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Lawsuit filed against city of Folsom following copper pipe leaks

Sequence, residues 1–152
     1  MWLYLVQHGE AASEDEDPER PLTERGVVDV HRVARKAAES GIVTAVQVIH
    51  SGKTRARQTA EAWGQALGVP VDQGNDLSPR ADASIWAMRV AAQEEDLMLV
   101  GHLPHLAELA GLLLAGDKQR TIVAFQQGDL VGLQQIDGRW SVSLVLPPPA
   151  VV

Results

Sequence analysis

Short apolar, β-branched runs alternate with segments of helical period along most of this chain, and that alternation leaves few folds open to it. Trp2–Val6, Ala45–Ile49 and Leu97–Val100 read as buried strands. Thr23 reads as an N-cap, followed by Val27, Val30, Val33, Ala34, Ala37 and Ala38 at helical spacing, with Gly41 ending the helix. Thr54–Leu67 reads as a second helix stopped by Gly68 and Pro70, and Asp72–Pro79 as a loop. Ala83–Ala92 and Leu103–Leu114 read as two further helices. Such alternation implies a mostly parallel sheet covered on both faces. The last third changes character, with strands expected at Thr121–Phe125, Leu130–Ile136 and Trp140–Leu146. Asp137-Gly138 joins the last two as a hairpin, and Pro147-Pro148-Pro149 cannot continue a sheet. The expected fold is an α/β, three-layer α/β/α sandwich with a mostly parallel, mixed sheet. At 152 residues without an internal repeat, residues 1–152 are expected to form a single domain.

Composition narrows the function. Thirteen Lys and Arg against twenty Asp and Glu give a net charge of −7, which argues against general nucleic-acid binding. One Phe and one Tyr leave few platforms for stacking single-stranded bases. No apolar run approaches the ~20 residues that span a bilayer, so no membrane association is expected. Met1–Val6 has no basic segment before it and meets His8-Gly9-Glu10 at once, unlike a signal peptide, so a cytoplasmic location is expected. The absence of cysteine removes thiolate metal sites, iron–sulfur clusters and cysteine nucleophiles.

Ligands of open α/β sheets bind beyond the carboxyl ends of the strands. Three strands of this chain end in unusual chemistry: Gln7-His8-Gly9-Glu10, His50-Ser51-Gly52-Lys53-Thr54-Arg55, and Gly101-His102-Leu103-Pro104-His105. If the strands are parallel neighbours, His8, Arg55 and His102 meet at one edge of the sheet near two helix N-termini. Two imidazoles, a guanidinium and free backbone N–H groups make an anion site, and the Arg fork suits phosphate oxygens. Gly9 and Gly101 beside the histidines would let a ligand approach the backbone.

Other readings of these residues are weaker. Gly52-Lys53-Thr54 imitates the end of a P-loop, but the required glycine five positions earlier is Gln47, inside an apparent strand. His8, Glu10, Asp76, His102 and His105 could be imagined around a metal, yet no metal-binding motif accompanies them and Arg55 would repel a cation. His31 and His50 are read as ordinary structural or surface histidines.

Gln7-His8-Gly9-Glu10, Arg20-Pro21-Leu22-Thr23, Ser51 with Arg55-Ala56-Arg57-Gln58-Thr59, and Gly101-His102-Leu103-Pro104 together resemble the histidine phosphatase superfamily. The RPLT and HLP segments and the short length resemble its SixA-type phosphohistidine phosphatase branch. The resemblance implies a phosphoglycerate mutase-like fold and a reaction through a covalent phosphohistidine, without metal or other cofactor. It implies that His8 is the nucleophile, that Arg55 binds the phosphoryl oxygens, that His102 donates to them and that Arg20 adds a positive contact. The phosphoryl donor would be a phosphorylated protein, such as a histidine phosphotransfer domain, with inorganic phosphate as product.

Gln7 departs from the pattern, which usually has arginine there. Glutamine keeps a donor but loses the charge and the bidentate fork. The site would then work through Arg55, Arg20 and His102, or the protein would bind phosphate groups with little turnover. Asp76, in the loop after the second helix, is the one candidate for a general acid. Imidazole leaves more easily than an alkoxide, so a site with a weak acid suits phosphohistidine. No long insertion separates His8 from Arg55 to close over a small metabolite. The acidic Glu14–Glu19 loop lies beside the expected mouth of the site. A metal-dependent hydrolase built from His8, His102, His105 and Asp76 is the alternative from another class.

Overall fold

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The City of Folsom has received more than 2,000 reports of leaks from copper pipes, and a class action lawsuit has been filed in response. At the time we interviewed Rita Cook in July, she had three separate instances of plumbing leaks in the house she rents. “About a year ago we had our first pinhole leak and copper tubing here at Folsom,” Cook told KCRA 3 Investigates. “Minimal damage was done to the garage, easy enough to fix – a little spray and patch and it was done – we thought.” “Here in July, I got a call from my tenant that there was another leak. And unfortunately, it was here in the office bedroom, through the attic.” Then, during our interview with Cook, one of the copper pipes started to leak, again. “This is very disturbing for them,” Cook told KCRA 3 Investigates. “Every step we have to take takes time and they understand it, but they also care about it. This is their home.” The water keeps coming out but Cook’s pockets are getting dry. “I’m paying my share of my pocket, yes,” she said. “The other part is that I found out through the Facebook page that many people have decided to replace and remove the copper pipe from their house, which is very expensive.” As of December 2021, she and Cook neighbors have reported 2,337 cases of pinhole leaks in the city of Folsom. “I don’t know if there is a problem with the builder at the time, the copper pipe itself, the builder, the type of material? No one seems to know, and no one, of course, is taking responsibility at the moment,” Cook said. The city hired two outside companies to investigate the problem. One of them, HDR, an engineering design company, found that leaks could be associated with water corrosion in some areas, especially where the water had higher pH levels and more residual chlorine. The other company, Black & Veatch, echoed the same findings. Some of Folsom’s residents feel the city failed to act and have joined a class action lawsuit. The lawsuit was filed by Harold Malmquist, who, according to court documents, has racked up $ 79,000 in costs to replace the pipes and repair the property damage. against the city include; Corrosive, substandard water, elevated pH levels, and ignoring water quality guidelines. the city had fulfilled its supposed duties. “We are the victims here,” Cook told KCRA 3’s Brittany Johnson. “Something that we didn’t cause, obviously, so we have to rely on others to help get to the bottom of that.” KCRA 3 Investigates reached out to the city for comment. Via email, a spokesperson said: “The City of Folsom does not comment on litigation matters.” However, we were told that since October 2020, the city has added phosphate to its drinking water to prevent corrosion, which was recommended by both companies they investigated. The city believes this has contributed to a decrease in the number of reported cases.